That was a Copyright Violation?

That was a Copyright Violation?


When looking at Plagiarism, Copyright infringement, Attribution, and Transformation. The first thing to look at is the difference between copyright infringement and plagiarism. According to (Bailey, 2013) copyright is a law that gives the holder specific legal rights, where plagiarism is a matter of ethics. The two ideas are very similar and in many cases, plagiarism is also a violation of copyright. It is possible to plagiarize something that is public domain by not citing it properly, where copyright infringement can occur even if you do cite something if you do not have permission to distribute the information. Attribution is the act of citing the information, you are giving credit to the original author or creator of the work. This should be done in all works, and especially when using information from the internet. It’s important to realize that just because you find something online does not mean it is from the original source, and you may need to research to find that source. Transformation is the consideration in fair use, and allows you to transform the work for purposes of education, although sometimes in limited use. (ARL, 2012) This is something that is done quite a bit in education, however you must still ensure that you have the authority to distribute the work from the original creator based on your intent. Without this information you can still be in violation of copyright infringement. This is something that is a major concern in school Music and Theatre departments, and why royalties are paid.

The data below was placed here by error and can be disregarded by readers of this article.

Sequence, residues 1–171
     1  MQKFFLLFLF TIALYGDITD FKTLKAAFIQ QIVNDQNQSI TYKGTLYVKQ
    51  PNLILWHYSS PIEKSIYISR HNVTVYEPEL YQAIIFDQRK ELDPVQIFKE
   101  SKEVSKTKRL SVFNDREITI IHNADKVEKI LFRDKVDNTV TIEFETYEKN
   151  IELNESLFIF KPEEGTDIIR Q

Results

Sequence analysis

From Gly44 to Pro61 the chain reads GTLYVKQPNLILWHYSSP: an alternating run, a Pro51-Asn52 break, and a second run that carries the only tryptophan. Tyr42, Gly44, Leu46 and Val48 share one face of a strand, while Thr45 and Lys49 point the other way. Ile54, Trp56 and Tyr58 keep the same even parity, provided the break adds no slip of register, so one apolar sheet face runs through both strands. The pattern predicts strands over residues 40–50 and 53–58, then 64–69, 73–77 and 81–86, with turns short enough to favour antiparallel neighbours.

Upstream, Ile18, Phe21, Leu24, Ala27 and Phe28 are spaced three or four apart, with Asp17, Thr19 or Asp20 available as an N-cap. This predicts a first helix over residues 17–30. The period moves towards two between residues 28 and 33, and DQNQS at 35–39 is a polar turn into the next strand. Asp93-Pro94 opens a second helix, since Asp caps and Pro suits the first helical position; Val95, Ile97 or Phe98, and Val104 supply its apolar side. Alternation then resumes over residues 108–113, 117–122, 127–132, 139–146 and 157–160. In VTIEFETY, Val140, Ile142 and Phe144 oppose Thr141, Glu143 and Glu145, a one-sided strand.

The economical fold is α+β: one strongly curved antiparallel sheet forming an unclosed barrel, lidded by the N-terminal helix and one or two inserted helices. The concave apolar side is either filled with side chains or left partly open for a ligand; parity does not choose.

The above paragraph leaves me wondering what I am doing in my classroom, and how can I better prepare my students for their future in Graphic Design and Audio Video Production. I will be the first to admit the love hate relationship I have with the internet. On one hand you have an unlimited wealth of knowledge at your fingertips. On the other hand you have the ever present danger of violating someone’s copyright and not even realizing it. You may ask yourself, how can you possibly violate copyright and not know it? You know when you take someone else’s work. Well here’s how it happens, almost every day in graphic design. A student will go online and search for an image. They will use a public domain search in some form. This could mean they went to a specific site, or they used a search engine and changed it to look for royalty free images. They then download and credit that source. Everything is good right?

Not necessarily. I encourage students and educators alike to use reverse image search (see additional resources) on any image they find. You will be amazed how many times that exact same image is used. This will help you determine if you are in fact using the correct reference, or if the image is even truly public domain.




Bailey, J. (2013, October 07). The Difference Between Copyright Infringement and Plagiarism. Retrieved March 06, 2018, from

ARL. (2012, January). Code of best practices in fair use for academic and research libraries.



Additional resources:

Using Google Apps to control cheating

Reverse image search